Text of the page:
why does ammonia kill insects, spiders, etc.

Jim Steffens steffejj at a1.esvax.umc.dupont.com
Thu Apr 16 10:04:43 EDT 1998

Ammonia is toxic to insects, in large part because it stops mitochondrial
respiration.  All eukaryotes have mitochondria in their cells, where the
oxidation of metabolites ("burning" food) generates chemical energy in
usable forms.  Mitochondria have a double membrane, across which a acid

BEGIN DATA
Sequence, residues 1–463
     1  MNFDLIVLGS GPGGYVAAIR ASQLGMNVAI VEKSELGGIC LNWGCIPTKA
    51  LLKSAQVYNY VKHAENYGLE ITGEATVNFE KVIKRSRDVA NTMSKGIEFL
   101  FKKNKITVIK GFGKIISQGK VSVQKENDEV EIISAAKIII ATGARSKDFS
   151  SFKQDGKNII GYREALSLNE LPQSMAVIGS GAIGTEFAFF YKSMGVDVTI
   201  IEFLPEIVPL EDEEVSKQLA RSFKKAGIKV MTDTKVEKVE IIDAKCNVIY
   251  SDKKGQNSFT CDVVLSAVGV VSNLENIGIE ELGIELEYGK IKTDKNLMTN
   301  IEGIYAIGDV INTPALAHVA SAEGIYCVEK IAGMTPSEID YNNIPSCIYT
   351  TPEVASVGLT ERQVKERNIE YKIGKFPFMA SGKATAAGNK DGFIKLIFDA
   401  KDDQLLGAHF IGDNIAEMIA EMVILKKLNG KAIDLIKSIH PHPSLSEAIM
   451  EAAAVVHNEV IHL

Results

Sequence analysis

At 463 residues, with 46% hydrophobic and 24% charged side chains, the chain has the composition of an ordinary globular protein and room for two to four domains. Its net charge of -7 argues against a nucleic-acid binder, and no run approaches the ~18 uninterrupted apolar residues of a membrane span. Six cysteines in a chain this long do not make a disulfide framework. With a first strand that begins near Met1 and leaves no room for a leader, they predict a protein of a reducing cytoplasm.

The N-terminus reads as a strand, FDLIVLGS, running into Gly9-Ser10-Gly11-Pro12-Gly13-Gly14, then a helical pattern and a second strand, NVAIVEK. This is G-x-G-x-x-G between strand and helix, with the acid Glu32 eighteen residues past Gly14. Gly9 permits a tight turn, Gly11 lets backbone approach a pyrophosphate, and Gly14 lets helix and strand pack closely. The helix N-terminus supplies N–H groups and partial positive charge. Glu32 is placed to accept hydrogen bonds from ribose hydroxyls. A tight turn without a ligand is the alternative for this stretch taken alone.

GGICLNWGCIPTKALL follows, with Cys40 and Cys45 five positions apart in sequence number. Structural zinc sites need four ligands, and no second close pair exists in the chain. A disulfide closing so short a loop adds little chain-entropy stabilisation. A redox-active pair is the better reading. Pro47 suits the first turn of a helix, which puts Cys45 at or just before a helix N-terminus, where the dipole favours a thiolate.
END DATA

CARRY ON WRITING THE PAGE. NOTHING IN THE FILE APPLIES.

gradient is set up.  This gradient drives the synthesis of chemical energy.
 Ammonia can go back and forth across the double membrane to disrupt the
gradient.  High levels of ammonia are toxic to plants as well, but it takes
longer for the effect to be seen as yellowing and death.

Stronger ammonia will work better thand Windex for killing insects.  I use
it regularly for killing moths.

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